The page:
Depends on your social context. I know plenty of people who would tell you that insisting on 8-hour days and weekends is weak and self-defeating -- just a road to mediocrity and dependence on others.

"As for safe brands, how do you know if they're safe or not if nobody's inspecting? You can't expect blind faith to replace actually taking a look. Even St. Reagan, blessings and peace be upon him, said 'Trust but verify.'"

Same way you always know if food is safe -- it's nutritious, returns value for your dollar, and doesn't make you sick. Strange how plenty of food producers actually care about that.

Anonymous said...

What a collection of straw men. No conservative wants to abandon law enforcement, fair regulations, protection for the poor. Literally no conservative has even questioned the wisdom of those things for a century. They only exist in Democratic strawman talking points believed by their ignorant, knee-jerk supporters.

WHat conservatives don't want is taxation that cripples the economy, regulation that destroys business, and massive wealth transfers that make us all poorer and turns half the country into permanently dysfunctional wards of the state.

Let's turn this around: do Democrats think it's a good thing for more than half the people in the country to be dependent on the Government? Do Democrats think its a good thing that fewer people are working now than in any year since the Reagan era? Do Democrats think it's a good thing that more people are getting food stamps now than ever before?

And do Democrats think it's a good thing that America's national debt is currently 1.6 trillion and rising? Right now, with interest rates scraping zero, we're paying as much in debt service as we are for defense. If interest rates rise, that's going to eat up all discretionary spending.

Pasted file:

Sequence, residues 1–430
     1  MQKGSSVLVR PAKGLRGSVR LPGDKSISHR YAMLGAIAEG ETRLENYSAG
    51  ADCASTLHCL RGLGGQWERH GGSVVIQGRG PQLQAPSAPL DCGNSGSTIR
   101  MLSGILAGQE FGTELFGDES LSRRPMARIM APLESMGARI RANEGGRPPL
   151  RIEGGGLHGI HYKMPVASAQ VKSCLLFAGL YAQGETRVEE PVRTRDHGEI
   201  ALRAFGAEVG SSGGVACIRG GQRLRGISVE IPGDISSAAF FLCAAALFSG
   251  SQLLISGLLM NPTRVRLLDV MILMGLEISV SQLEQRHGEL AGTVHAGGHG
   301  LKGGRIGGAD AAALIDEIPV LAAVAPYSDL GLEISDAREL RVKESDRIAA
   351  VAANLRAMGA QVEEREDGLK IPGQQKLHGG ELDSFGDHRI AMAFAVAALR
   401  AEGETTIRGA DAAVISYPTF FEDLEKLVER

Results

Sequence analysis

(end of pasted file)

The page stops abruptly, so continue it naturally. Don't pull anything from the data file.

Meanwhile tax increases will only harm the economy. Pretending and wishing that there's any easy solution by "taxing the rich" doesn't change reality. We're already past the point where raising taxes DECREASES revenues, but Obama and his idiot faculty-lounge advisors don't care about that. They want to take wealth away from those who have it, in the name of "social justice" even if it does collapse the economy.

Anyone who didn't vote for Romney last week is to blame for what's coming. IT'S ALL YOUR FAULT YOU IDIOTS. I hope you enjoy the new depression, because you're going to be spending a lot of time there. BUt I'm sure you'll find some way to blame Republicans for it. YOU IDIOTS.

Tony said...

Talk about straw men...

Rick said...

Welcome to a new commenter! I do encourage 'anonymous' commenters to sign a name or handle, just to keep straight who is saying what to whom.

I'll assume that even what reads like a rant (to me) is seriously meant - this place is not big enough to be worth trolling.


Oddly, the 'fiscal cliff' that is giving everyone the vapors would radically cut the deficit. Whether it is such a good idea to do so abruptly in the short term is worth asking, though.